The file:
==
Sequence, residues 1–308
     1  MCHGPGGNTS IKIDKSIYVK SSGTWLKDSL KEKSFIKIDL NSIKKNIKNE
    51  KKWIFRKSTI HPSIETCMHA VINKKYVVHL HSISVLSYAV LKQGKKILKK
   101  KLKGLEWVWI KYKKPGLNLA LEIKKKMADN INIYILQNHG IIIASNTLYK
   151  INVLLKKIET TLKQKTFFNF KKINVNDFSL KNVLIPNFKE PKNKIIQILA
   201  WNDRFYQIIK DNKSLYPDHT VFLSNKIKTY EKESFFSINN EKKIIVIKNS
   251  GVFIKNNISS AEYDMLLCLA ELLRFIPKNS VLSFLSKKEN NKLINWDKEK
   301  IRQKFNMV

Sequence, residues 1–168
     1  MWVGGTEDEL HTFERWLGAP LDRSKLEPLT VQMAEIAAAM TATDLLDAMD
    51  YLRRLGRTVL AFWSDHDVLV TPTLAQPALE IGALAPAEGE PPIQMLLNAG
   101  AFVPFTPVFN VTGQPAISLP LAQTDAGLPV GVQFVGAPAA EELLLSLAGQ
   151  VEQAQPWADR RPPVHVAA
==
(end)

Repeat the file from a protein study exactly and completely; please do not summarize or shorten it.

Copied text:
Sequence, residues 1–308
     1  MCHGPGGNTS IKIDKSIYVK SSGTWLKDSL KEKSFIKIDL NSIKKNIKNE
    51  KKWIFRKSTI HPSIETCMHA VINKKYVVHL HSISVLSYAV LKQGKKILKK
   101  KLKGLEWVWI KYKKPGLNLA LEIKKKMADN INIYILQNHG IIIASNTLYK
   151  INVLLKKIET TLKQKTFFNF KKINVNDFSL KNVLIPNFKE PKNKIIQILA
   201  WNDRFYQIIK DNKSLYPDHT VFLSNKIKTY EKESFFSINN EKKIIVIKNS
   251  GVFIKNNISS AEYDMLLCLA ELLRFIPKNS VLSFLSKKEN NKLINWDKEK
   301  IRQKFNMV

Sequence, residues 1–168
     1  MWVGGTEDEL HTFERWLGAP LDRSKLEPLT VQMAEIAAAM TATDLLDAMD
    51  YLRRLGRTVL AFWSDHDVLV TPTLAQPALE IGALAPAEGE PPIQMLLNAG
   101  AFVPFTPVFN VTGQPAISLP LAQTDAGLPV GVQFVGAPAA EELLLSLAGQ
   151  VEQAQPWADR RPPVHVAA